Golden State Warriors Must Start Harrison Barnes over Klay Thompson in 2013-14

Andy Bailey@@AndrewDBaileyFeatured ColumnistAugust 28, 2013

DENVER, CO - APRIL 30:  Harrison Barnes #40 of the Golden State Warriors runs up court against the Denver Nuggets during Game Five of the Western Conference Quarterfinals of the 2013 NBA Playoffs at the Pepsi Center on April 30, 2013 in Denver, Colorado. The Nuggets defeated the Warriors 107-100. NOTE TO USER: User expressly acknowledges and agrees that, by downloading and or using this photograph, User is consenting to the terms and conditions of the Getty Images License Agreement.  (Photo by Doug Pensinger/Getty Images)
Doug Pensinger/Getty Images

Picking up Andre Iguodala was huge for the Golden State Warriors. But it shouldn't automatically move Harrison Barnes to the bench.

Most fans, bloggers and analysts are just assuming that the team's combination on the wings will be Iguodala and third-year shooting guard Klay Thompson.

But the more versatile and slightly bigger duo is Iguodala and Barnes.

One of the attributes that makes Golden State's big free-agent catch so valuable is his ability to play multiple positions. Right now, Iguodala's penciled in as the starting small forward, but he was listed as a shooting guard for the Nuggets last year.

He can easily be paired with either shooting guard Thompson or small forward Barnes.

So the question is, which of Golden State's two young wings can do more for the starting lineup next season?

Let's start with the argument for Thompson—which begins and ends with his outside shooting ability.

He hit 211 three-pointers last year, good for third behind teammate Stephen Curry and New Orleans' Ryan Anderson. His percentage from that range was just over 40.

The combined shooting of Thompson and Curry was extremely difficult to stop last year, and Iguodala could make that an even tougher task.

He's averaged nearly five assists a game over his career, and his ability to get to the rim will create plenty of opportunities for his teammates. If he draws perimeter defenders, Curry and Thompson will make them pay.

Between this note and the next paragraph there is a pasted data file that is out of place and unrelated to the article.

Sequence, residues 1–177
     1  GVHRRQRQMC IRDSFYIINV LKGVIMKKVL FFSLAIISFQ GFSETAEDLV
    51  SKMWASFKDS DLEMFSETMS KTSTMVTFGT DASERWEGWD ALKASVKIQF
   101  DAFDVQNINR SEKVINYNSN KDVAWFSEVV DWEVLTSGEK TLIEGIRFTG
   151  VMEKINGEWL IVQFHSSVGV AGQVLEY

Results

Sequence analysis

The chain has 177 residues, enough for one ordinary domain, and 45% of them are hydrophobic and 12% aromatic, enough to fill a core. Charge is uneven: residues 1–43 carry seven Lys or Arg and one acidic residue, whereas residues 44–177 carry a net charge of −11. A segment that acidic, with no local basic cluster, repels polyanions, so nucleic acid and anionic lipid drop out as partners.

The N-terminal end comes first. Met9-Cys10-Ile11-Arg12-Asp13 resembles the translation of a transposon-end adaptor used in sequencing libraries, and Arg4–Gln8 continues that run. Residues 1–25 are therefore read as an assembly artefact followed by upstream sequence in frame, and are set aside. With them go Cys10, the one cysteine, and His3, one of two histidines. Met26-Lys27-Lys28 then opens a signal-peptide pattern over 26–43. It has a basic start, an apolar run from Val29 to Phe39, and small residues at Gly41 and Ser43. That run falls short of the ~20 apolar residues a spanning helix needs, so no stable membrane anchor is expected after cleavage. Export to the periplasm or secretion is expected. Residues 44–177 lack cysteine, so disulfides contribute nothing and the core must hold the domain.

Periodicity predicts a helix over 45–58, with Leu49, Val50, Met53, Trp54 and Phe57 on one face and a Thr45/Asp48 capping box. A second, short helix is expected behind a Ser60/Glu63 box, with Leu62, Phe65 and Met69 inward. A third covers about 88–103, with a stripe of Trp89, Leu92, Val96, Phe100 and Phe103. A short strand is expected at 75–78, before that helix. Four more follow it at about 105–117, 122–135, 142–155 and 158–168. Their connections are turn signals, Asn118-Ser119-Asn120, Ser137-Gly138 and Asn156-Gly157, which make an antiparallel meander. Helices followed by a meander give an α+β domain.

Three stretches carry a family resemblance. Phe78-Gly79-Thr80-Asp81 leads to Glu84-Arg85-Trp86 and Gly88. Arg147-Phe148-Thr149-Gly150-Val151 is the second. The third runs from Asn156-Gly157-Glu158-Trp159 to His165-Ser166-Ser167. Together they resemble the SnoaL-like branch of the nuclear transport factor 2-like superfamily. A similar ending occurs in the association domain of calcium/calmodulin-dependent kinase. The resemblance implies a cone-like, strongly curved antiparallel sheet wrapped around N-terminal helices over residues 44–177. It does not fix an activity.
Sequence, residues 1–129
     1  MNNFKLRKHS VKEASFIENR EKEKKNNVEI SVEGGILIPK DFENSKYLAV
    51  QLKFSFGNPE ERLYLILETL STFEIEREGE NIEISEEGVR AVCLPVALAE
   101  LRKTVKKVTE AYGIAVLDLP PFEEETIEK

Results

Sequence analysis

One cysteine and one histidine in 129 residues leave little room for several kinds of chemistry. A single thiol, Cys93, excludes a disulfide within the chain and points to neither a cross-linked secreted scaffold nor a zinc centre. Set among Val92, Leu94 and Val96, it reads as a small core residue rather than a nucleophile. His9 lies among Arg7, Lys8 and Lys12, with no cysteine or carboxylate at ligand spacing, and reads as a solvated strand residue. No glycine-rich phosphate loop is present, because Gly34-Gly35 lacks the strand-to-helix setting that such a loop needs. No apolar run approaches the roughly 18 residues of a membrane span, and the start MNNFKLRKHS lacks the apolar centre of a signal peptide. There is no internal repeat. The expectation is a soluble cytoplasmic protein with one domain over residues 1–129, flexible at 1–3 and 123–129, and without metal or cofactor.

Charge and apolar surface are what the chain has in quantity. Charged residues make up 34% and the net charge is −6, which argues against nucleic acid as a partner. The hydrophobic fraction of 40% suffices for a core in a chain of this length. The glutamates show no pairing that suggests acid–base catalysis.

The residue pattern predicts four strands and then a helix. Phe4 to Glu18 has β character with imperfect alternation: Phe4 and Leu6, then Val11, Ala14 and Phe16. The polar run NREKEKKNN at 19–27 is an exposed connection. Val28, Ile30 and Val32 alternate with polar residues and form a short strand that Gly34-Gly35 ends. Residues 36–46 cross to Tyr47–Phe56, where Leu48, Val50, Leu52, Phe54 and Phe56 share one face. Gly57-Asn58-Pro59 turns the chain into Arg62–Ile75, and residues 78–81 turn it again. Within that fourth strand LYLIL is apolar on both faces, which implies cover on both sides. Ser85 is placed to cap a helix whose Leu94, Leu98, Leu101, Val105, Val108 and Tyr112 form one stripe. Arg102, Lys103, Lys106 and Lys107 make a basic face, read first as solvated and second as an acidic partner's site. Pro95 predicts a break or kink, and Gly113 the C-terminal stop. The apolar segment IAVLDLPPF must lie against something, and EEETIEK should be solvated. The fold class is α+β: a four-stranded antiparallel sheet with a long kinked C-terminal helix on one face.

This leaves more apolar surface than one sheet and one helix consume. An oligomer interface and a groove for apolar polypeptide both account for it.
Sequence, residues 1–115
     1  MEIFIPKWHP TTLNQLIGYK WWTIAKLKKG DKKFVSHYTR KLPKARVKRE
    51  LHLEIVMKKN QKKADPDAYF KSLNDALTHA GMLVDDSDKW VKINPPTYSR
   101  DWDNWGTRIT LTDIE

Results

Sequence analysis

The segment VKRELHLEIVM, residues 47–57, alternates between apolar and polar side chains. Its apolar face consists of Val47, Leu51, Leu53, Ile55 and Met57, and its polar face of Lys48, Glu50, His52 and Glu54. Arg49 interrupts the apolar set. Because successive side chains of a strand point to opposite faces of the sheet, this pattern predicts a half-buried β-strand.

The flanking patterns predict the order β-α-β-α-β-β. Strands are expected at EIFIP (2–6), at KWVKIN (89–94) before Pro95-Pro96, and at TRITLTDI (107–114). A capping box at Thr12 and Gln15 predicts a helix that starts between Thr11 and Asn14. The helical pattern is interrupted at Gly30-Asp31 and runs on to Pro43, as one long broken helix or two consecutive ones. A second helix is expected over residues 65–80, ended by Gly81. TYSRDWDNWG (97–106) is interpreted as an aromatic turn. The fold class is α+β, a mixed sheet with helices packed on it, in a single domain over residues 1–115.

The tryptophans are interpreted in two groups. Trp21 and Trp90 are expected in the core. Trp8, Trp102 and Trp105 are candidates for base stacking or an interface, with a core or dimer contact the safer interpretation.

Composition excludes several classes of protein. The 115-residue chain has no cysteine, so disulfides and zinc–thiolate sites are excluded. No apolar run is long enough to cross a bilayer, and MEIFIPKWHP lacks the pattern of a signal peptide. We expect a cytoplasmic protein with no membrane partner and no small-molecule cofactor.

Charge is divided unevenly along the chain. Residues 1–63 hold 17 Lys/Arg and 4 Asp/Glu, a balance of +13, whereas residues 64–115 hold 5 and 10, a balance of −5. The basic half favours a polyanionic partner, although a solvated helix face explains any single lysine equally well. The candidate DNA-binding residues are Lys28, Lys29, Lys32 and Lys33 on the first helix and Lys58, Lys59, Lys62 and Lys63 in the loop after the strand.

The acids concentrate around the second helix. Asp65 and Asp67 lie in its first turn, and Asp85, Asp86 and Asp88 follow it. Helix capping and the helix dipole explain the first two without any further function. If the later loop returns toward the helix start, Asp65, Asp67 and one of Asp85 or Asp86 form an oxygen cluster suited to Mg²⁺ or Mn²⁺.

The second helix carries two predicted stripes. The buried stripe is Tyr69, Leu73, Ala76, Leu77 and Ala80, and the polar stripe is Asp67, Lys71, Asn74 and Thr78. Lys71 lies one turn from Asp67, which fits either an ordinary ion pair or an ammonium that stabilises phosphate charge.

Thing is, defenders know how good those two are from three-point range and will likely stay home if Iguodala beats his man off the dribble. That puts the onus on the interior defense to help, leaving David Lee or Andrew Bogut open for drop-offs.

The respect Thompson commands at the three-point line helps the entire offense. The problem? He doesn't do much else.

I'm sure most of you remember the way San Antonio shut him down following his 34-point performance in Game 2 of their playoff series. Because of his inability to create shots for himself or opportunities for others, he couldn't do anything to shake his defenders after the Spurs put just a little focus on him.

On top of that, he has a hard time staying in front of quicker guards and doesn't do much on the boards.

Barnes is already better and has more potential in each of those areas. One of the biggest indicators of that potential was his performance in the playoffs, when he averaged 38 minutes a game (compared to 25 during the regular season).

When he was finally given the opportunity to shine, Barnes took advantage. He averaged 16.1 points and 6.4 rebounds during the playoffs.

That was good for third on the team in postseason scoring behind Curry and Jarrett Jack and second in rebounding behind Andrew Bogut.

In 12 games, Barnes showed a level of confidence previously unseen in the rookie. He was able to blow by defenders and finish at the rim and also showed consistency behind the three-point line, where he hit 37 percent of his attempts.

The playoffs were a glimpse at the kind of player Barnes was always supposed to be. Coming out of high school, he was touted as one of the top prospects in the country. But after two years at North Carolina that were merely really good but not quite fantastic, the hype died down.

The Warriors still used a top-10 draft pick on him, but 25 minutes a night and uncertainty on offense during the regular season tempered expectations once again.

Now, it looks like Barnes could reach the potential we were all so excited about in the first place. The last thing he needs is to have that momentum he created in the postseason halted.

I'm sure he'd still get plenty of minutes in a sixth-man role, since he can play both small and power forward. But why not go for the more well-rounded lineup and start him alongside Iguodala.

Barnes is two inches taller than Thompson, had a better rebounding percentage, handles the ball better and is a better fit for the lineup defensively, as Iguodala is much more capable of handling opposing 2-guards than Thompson is.

Thompson's one advantage is his three-point shooting, where Barnes isn't terrible either. He hit 36 percent of his threes as a rookie, and shooting is one of the easiest skills for a player to improve. You just have to dedicate time to it.

Whatever Marc Jackson decides to do, he'll have a very capable option for that sixth-man role. Thompson can come off the bench and punish the second-unit defenses he'd face with his range.

Barnes can punish Golden State's opponents in so many other ways and should be allowed to do so as a starter.


All stats courtesy of Basketball-Reference unless otherwise noted.